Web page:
FDI policy change: e-commerce companies in India push in different directions

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More than 20 e-commerce companies that operate in India, including biggies like Amazon, Reliance, Flipkart, Tata met the officials of the Department for Promotion of Industry and Internal Trade (DPIIT) yesterday to discuss the foreign direct investment (FDI) policy in the sector. The much-expected meeting, as it happened, kind of hit a dead-end as the various companies pushed for various agendas.

Significantly, India's homegrown companies like Reliance, Tata, Snapdeal and others pushed for stricter implementation of FDI policy, citing violation of the current one. 

On the other hand, Amazon India and Walmart-owned Flipkart wanted some stability in rules, and asked the government to avoid making further changes to the existing FDI policy. 

The virtual meeting was chaired by DPIIT secretary Guruprasad Mohapatra.

What the homegrown firms want?

Indian biggies like Reliance Retail, Snapdeal and Tata Cliq batted for clearer and broader definition of group companies to curb misuse. They felt that there were some loopholes in existing FDI policy and were exploited by some entities, especially with regard to owning inventory.

Existing FDI rules prohibit e-commerce marketplaces from ownership or control over the inventory of sellers on its platform.

E-commerce firms are not allowed to directly or indirectly influence the selling price of goods or services, and are required to offer a level-playing field to all vendors.

Capital dumping and manufacturing of own brands but sale via third parties by some e-commerce players was a major bone of contention.

There was a demand for level playing field by coming down on deep discounting. 

The need for transparency through audits was also stressed.

What the foreign-owned companies sought?

The foreign e-commerce firms --- basically, Amazon and Walmart-owned Flipkart --- requested some continuity in rules and did not want any more  tweaks to the existing FDI policy.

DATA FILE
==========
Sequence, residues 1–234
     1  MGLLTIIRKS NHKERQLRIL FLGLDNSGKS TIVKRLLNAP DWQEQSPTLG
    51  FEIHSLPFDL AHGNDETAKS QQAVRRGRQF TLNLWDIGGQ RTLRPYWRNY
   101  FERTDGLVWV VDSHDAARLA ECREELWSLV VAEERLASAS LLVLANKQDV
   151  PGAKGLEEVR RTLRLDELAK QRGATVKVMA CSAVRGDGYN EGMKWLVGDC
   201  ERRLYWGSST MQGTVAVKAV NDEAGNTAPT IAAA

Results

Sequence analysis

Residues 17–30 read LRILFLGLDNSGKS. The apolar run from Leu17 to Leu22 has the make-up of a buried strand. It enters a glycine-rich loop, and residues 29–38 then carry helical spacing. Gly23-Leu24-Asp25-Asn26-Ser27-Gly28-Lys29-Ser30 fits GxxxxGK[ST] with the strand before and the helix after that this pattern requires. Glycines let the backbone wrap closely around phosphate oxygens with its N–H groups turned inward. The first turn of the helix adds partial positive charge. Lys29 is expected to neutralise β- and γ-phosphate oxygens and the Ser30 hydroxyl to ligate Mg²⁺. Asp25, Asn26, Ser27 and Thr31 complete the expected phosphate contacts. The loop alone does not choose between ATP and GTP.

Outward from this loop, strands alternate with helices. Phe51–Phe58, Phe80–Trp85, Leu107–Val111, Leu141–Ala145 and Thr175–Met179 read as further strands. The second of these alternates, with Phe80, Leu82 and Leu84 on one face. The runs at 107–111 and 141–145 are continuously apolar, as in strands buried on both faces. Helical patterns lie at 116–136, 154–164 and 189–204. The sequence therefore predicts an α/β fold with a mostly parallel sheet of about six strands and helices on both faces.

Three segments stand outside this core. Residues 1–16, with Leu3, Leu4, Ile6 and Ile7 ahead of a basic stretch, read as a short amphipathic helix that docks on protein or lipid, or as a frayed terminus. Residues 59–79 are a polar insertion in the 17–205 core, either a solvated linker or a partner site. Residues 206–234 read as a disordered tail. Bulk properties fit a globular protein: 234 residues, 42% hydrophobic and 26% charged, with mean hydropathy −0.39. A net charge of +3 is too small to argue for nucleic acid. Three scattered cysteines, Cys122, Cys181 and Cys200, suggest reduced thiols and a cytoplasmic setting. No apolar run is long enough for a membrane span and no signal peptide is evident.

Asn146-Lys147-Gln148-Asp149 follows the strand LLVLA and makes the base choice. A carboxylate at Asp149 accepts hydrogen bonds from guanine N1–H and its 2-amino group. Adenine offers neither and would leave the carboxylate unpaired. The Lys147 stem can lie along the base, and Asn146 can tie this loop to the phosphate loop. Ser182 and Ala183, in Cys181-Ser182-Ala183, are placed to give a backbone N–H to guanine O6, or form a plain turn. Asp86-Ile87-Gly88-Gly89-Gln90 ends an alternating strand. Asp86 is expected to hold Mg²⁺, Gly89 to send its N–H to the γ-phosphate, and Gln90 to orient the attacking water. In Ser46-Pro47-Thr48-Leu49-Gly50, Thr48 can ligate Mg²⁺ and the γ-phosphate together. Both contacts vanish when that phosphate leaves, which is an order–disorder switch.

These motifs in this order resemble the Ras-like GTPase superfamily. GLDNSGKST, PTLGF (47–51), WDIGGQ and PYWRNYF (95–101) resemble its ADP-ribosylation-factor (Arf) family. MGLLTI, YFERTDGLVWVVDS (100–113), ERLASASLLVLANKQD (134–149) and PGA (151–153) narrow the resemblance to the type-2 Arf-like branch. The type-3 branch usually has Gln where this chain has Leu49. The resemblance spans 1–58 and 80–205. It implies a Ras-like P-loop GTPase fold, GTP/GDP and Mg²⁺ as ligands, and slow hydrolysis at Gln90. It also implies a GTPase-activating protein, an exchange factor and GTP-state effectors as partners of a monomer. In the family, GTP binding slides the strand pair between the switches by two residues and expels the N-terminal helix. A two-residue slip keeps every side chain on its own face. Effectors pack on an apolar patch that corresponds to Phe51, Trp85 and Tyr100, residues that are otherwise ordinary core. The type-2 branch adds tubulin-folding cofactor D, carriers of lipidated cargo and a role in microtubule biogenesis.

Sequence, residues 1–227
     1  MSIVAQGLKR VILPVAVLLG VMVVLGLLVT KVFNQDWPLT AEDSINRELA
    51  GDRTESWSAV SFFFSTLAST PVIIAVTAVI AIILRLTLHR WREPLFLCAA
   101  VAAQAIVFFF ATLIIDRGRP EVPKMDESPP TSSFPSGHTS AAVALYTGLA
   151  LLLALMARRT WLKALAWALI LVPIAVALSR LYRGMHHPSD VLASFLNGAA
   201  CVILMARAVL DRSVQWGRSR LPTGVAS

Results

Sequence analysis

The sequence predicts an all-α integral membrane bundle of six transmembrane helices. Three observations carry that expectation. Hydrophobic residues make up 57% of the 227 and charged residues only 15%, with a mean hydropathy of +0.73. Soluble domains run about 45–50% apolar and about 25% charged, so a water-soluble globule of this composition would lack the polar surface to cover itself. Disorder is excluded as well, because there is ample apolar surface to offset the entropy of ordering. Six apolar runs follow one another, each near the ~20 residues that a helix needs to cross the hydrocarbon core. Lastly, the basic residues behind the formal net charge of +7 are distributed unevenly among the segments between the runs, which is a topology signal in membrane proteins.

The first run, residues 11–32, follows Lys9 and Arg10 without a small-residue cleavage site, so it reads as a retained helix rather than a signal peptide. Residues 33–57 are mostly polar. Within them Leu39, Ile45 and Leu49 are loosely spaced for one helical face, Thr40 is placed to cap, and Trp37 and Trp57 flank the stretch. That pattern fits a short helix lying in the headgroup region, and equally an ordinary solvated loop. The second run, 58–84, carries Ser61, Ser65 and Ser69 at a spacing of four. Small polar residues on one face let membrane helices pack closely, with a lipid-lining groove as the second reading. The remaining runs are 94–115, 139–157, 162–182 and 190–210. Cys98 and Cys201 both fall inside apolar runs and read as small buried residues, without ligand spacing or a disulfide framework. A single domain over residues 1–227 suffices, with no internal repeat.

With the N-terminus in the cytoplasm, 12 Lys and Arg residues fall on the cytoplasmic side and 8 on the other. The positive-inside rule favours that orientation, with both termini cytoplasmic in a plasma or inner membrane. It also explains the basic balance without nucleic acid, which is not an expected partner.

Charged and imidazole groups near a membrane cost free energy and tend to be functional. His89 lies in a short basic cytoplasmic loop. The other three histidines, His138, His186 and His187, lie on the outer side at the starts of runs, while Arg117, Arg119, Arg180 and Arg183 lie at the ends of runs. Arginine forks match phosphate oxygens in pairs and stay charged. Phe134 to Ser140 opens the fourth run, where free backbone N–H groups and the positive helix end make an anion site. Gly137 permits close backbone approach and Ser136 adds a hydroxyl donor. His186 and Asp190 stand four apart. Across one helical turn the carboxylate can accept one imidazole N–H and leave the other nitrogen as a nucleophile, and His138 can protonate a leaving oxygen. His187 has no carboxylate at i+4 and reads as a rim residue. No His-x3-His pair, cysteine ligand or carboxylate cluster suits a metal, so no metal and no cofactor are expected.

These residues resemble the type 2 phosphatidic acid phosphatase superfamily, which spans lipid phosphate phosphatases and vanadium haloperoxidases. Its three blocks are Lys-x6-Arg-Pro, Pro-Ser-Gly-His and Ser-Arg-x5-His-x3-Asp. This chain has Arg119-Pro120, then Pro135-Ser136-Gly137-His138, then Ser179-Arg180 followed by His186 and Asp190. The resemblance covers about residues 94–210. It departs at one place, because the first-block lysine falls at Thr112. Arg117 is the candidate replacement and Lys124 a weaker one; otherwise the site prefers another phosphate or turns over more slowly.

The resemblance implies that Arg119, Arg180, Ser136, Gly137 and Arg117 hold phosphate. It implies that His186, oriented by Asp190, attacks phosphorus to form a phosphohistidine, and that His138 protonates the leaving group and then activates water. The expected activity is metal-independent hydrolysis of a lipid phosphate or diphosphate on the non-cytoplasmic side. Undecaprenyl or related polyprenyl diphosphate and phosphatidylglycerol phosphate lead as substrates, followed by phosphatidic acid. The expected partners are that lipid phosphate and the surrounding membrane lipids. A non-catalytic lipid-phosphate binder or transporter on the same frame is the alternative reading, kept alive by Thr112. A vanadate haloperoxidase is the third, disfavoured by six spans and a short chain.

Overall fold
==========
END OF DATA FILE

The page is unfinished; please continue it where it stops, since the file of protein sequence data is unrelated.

They felt any unpredictability in policy will affect investments as well as jobs in the segment.

An Amazon representative was quoted as saying: “We reiterated our strong, long-term commitment to India as we continue to onboard hundreds of thousands of MSMEs, building infrastructure and technology to empower and scale these local businesses. The FDI policy needs to be stable and predictable for investor confidence as any disruption in business will impact millions of livelihoods and jobs, have negative consequences on downstream suppliers and service providers including MSMEs, startups and offline stores which have barely recovered from the setback of Covid-19.”

A Flipkart official reportedly said: "There are already enough enforcement mechanisms to tackle violations in FDI laws and no further changes were needed."

Where is this headed?

Aside from Reliance, Tata, Amazon, Snapdeal and Flipkart, representatives of Paytm Mall, Swiggy, Zomato, Urban Ladder, Pepperfry, Urban Company, Grofers, BigBasket and Shopclues, among others, were present at the meeting.

The government has asked for written submissions from the companies in the next one week.

The Indian government is under pressure from offline traders (and its is a powerful lobby) who allege that e-commerce players have violated the Foreign Exchange Management Act and FDI rules. 

But the government has to be careful here as the general perception is that it is leaning towards Indian companies when framing rules.

World Bank's recent World Development Report suggested that India’s e-commerce rules may be biased towards local firms, failing to provide a level playing field to foreign e-commerce platforms.

Balakumar K
Senior Editor

Over three decades as a journalist covering current affairs, politics, sports and now technology. Former Editor of News Today, writer of humour columns across publications and a hardcore cricket and cinema enthusiast. He writes about technology trends and suggest movies and shows to watch on OTT platforms.